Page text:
Friday, January 31, 2014

UPDATED: More On The Minimum Wage

There has been very much a predictable reaction from business to the Wynne government's decision to raise the Ontario minimum wage to $11 per hour as of June 1. Even though this modest increase will do little to lift the working poor out of poverty, the commercial sector is running about shouting that the sky will fall, prognosticating a loss of jobs as they take up a defensive position against something that will, they claim, eat away at their profits.

The following video from City TV offers a smattering of a debate over the issue; unfortunately, I no longer seem able to play video from the CBC, where much more detailed discussion has taken place, so this will have to do. Following the video, I turn to Joe Fiorito's latest observations about working poverty as his column today returns to the story of Doreen, whom I discussed yesterday.


As noted previously, Joe Fiorito has pointed out what a hardscrabble existence Doreen, a personal care worker, leads. Today, he adds to that portrait:

She said, “I broke my glasses last July. I can see, but fine stuff I can’t read.” You guessed right. She has not replaced her glasses. This is the kind of poverty that hurts deep in the bone, dulls the senses, and strangles hope. She has not stopped trying.

Compounding Doreen's problems are the expenses involved in keeping her qualifications current; she recently received a letter from one of the agencies for whom she is on an on-call list:

The letter advised Doreen that, if she wanted to stay active on the agency’s list and be eligible for work in the future, then she had to renew her first aid and CPR certificates.

Trouble is, the course preferred by that agency costs $115 and is only offered on weekends. Doreen works on the weekend for an elderly couple. What this means is that, in order to take the course and renew her certificate, she would have to cough up a day’s pay out of pocket to attend, and she would have to miss two days’ work on top of that.

There are more details about Doreen's travails in Firotio's piece, but I think you get the picture.

As I suggested yesterday, unless and until we are willing to put a human face on the working poor, their plight will never be addressed with any real justice.

UPDATE: Andrew Coyne and business representatives have recently suggested that minimum wage increases are a blunt instrument with which to attack poverty, and that a guaranteed income might be preferable. The cynic in me suggests this could be yet another way that business wants government to subsidize their operations; should they ever express a willingness to give up some of the generous corporate tax cuts that have come their way over the past several years as a show of good faith, perhaps then I will take them seriously.

6 comments:

  1. More than just a face needs to be put on the working poor. The entire monetary system must change if the very concept of "working poor" is to eve become history. Here is my analysis of one take on the minimum wage increase: http://canadiantrends.blogspot.ca/2014/01/the-magic-of-minimum-wage-and-inflation.html - Hope you'll give it a read.

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    1. Thanks, Richard. i will definitely check out your post. Thanks for the link.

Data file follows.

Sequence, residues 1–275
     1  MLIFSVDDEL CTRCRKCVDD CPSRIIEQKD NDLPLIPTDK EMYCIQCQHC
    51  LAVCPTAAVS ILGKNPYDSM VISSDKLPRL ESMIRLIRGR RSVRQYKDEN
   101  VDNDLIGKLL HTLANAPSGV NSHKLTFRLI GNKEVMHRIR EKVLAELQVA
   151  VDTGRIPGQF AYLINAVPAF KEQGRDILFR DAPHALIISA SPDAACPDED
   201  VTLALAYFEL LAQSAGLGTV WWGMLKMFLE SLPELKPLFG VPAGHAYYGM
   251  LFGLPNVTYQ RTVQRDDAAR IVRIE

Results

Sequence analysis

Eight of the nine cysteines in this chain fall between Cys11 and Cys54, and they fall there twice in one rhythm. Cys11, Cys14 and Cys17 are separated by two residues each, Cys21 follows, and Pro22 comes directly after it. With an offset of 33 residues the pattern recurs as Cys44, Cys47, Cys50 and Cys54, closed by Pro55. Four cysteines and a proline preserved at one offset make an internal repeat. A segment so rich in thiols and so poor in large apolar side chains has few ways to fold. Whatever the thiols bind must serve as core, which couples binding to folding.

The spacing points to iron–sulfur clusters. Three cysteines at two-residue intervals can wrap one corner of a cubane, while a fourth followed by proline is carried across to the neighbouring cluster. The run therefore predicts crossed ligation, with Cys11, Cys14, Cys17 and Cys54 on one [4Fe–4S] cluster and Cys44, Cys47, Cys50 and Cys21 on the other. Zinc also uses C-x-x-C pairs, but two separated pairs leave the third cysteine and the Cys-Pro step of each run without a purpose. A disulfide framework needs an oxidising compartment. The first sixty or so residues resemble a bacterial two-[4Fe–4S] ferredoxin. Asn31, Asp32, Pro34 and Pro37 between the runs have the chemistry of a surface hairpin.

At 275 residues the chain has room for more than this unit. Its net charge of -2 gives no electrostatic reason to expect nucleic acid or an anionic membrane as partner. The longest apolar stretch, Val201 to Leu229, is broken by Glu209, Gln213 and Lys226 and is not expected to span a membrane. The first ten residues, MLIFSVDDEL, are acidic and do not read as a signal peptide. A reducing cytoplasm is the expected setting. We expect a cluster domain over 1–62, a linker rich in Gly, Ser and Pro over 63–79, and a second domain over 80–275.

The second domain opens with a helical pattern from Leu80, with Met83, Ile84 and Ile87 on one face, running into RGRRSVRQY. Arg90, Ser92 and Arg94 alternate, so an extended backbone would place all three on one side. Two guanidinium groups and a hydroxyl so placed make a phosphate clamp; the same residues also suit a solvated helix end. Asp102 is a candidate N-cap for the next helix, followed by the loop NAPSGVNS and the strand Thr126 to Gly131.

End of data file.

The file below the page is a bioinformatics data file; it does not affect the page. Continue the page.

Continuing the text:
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  2. I don't know, Lorne. A guaranteed "living wage" income might be preferable provided the numbers weren't gamed. I don't know but, then again, I see the world dissolving at my feet.

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    1. I really think both the desirability and validity of a guaranteed income would depend on its conception and execution, Mound. I would not want it to be a disincentive to work, nor would I want it to be a way of absolving the corporate sector of its responsibility to provide a living wage. Admittedly, I have done no research on the topic, but my 'spider sense' starts tingling when I hear some corporate vested interests approving of the concept.

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    2. The guaranteed income idea has been around for a long time. Yes, absolutely, it would absolve the corporate sector of paying a living wage. They would now have to pay a wage making it worth your bother to work. It would dramatically alter the equation. Some businesses see this as a bonus, they could pay even less than they do now. Some very crappy jobs will probably see the pay have to go up, because if people can walk away, they won't put up with bullshit.

      As for it being a disincentive to work, of course it would be. You wouldn't have to work just to live. It wouldn't be a luxurious life, but you would be ok. But people will still work. People like to have something to do. And people will want luxuries. It would eliminate the whole "just take any damn job already, why do you think you have dignity?" kind of incentive to work, though. Employers would have to convince people to come work for them, instead.

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    3. Thanks for your comments, Lightcastle. I especially identify with your comments about how people like to have something to do. This is something I feel strongly about, even in retirement. Hence the blog and volunteer activities.

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